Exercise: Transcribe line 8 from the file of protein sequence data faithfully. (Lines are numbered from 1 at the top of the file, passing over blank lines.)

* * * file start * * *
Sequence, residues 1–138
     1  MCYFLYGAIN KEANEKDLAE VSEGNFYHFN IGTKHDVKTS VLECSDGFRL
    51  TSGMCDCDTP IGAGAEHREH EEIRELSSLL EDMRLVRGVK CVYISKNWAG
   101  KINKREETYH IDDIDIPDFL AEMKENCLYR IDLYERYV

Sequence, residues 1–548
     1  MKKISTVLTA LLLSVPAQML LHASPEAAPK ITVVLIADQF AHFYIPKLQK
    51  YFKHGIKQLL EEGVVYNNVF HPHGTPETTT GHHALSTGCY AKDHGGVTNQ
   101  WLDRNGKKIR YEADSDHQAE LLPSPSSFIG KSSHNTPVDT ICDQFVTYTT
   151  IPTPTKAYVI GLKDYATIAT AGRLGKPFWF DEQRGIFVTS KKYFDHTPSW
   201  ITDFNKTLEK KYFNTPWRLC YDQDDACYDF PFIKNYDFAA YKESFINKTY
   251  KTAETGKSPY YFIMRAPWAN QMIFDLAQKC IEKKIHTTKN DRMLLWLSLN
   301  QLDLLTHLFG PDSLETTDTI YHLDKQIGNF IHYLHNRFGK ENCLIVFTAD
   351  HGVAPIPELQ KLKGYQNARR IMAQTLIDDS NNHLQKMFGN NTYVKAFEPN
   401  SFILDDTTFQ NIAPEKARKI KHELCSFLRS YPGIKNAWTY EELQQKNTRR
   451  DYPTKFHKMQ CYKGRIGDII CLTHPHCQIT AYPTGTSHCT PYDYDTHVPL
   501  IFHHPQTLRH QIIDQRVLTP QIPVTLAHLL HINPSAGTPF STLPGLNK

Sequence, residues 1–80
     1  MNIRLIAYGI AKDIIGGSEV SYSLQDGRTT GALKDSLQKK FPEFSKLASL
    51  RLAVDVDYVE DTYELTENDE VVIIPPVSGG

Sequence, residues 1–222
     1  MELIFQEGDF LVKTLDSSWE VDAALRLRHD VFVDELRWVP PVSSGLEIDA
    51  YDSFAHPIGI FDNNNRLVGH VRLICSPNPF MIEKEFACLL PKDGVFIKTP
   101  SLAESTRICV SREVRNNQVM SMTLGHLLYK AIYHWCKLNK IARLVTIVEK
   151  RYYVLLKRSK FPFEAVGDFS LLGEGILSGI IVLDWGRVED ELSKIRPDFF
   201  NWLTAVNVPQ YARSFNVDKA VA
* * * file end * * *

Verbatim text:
   101  WLDRNGKKIR YEADSDHQAE LLPSPSSFIG KSSHNTPVDT ICDQFVTYTT